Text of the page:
Beliefnet
KARNI CROSSING, Gaza Strip, March 21 (AP) -- A U.S.-led commission of inquiry into Israeli-Palestinian fighting toured the Gaza Strip on Wednesday, watching as Israeli bulldozers cleared land around a military outpost and Palestinian youths stoned Israeli soldiers.

The panel members, headed by former U.S. Sen. George Mitchell, witnessed the scene as their car passed the Karni crossing between Israel and the Gaza Strip.

Karni has been a site of intense Israeli-Palestinian clashes, with several Palestinian rock-throwers killed there, especially in the first stage of the clashes.

Earlier Wednesday, the commission met with Israeli Foreign Minister Shimon Peres in Jerusalem. Later in the day, panel members were to hold talks with Palestinian leader Yasser Arafat in the West Bank town of Ramallah.

The commission, which is investigating the cause of the fighting, has already visited the region once and received reports from both sides.

The Palestinians have said the fighting was triggered by a visit by then-opposition Ariel Sharon to a disputed Jerusalem shrine on Sept. 28.

Palestinians have said Sharon's visit, intended to assert Israeli sovereignty claims to the site, was a provocation.

Israel has said the violence was orchestrated by Arafat's Palestinian Authority. In a report to the Mitchell commission submitted Tuesday, Israel cited the Palestinian communications minister, Emad Falouji, who said in a speech earlier this month that the uprising was planned and not a spontaneous outburst.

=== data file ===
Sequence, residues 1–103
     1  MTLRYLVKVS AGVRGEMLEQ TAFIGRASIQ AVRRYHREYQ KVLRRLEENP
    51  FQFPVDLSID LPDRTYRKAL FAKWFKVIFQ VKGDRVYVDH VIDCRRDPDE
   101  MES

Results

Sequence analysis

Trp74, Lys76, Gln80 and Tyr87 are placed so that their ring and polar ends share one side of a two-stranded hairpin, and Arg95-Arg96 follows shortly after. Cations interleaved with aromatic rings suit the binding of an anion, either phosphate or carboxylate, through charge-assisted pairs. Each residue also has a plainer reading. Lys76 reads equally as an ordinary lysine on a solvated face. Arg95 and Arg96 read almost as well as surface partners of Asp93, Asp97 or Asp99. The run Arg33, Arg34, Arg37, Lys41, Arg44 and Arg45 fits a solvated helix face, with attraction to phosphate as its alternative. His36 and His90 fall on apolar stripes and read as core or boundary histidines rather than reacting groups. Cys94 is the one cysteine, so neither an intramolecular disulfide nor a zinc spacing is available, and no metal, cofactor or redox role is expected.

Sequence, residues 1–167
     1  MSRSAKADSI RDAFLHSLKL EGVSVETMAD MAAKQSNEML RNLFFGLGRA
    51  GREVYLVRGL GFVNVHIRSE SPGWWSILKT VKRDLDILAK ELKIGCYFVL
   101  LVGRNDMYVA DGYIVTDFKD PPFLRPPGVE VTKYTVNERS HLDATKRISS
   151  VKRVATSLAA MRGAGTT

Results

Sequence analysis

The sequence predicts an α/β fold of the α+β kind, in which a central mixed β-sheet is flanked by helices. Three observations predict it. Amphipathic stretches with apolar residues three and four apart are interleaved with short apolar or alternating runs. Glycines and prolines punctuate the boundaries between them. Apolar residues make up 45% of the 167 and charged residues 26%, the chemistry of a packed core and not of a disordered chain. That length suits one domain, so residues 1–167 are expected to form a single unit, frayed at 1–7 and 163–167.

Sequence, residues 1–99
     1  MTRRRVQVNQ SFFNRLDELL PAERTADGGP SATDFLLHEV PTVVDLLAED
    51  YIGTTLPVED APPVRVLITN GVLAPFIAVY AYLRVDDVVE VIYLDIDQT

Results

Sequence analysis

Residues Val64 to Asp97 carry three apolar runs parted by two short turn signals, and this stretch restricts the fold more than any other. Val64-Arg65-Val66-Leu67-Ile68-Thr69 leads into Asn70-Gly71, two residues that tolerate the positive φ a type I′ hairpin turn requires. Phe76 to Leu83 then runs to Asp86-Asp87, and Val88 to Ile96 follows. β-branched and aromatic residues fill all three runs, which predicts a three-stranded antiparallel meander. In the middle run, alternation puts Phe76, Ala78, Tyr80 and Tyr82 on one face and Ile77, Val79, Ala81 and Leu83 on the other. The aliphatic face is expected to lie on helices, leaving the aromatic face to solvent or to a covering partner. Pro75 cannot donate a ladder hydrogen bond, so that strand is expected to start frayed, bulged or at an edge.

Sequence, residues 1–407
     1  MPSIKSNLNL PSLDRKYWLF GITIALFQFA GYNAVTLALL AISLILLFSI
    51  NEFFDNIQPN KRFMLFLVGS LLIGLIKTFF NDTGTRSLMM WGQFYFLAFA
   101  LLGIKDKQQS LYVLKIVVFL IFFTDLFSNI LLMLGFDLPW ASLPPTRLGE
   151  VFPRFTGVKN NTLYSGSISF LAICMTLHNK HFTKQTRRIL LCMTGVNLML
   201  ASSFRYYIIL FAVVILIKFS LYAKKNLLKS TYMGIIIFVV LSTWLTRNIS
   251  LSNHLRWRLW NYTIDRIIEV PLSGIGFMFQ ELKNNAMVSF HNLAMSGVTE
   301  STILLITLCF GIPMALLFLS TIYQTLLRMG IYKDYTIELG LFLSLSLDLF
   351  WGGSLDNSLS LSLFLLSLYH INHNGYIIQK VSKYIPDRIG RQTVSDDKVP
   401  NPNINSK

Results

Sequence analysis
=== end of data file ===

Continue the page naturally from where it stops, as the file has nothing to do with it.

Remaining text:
Falouji has said he was misquoted.

Mitchell said after his meeting with Peres on Wednesday that Israeli officials ``responded fully, openly and frankly to our questions and we are pleased with the level of cooperation.''

Peres said he believed the commission should not try to affix blame, ``but look for ways of how to save the situation from falling apart.''

In six months of fighting, 430 people have been killed, including 352 Palestinians, 59 Israeli Jews and 19 others. In trying to quell the violence, Israel has imposed stringent travel restrictions on nearly 3 million Palestinians.

Peres said he opposed Palestinian attempts to persuade the United Nations to deploy peacekeepers in the area to protect Palestinian civilians. Peres said such a force would be ineffective. ``I would rather invest the money to improve the economy than for the creation of an imaginary force that will only add irritation to irritation,'' he said.

Later Wednesday, the commission traveled through the massive concrete slabs at the Karni crossing. Commission members watched from inside their car as about 20 Palestinian youths threw stones at Israeli soldiers who did not respond.

Two Israeli army jeeps led the delegation's car around an army watchtower guarded by seven tanks tucked behind sand mounds. The commission found that electricity lines had been cut in the area, knocking out power to some Palestinian homes.

Two bulldozers nearby were clearing more land, apparently to deprive Palestinian gunmen of cover in possible attacks on Israeli positions. Behind sandbagged shelters Israeli soldiers stood on the rooftops of Palestinian homes. On its way to the Palestinian refugee camp of Khan Yunis, the commission had to use a bypass road because the main highway running north and south through the Gaza Strip is still closed near the Jewish settlement of Kfar Darom. The Mitchell commission will stay in the area through Sunday and also meet with Sharon, now Israel's prime minister.
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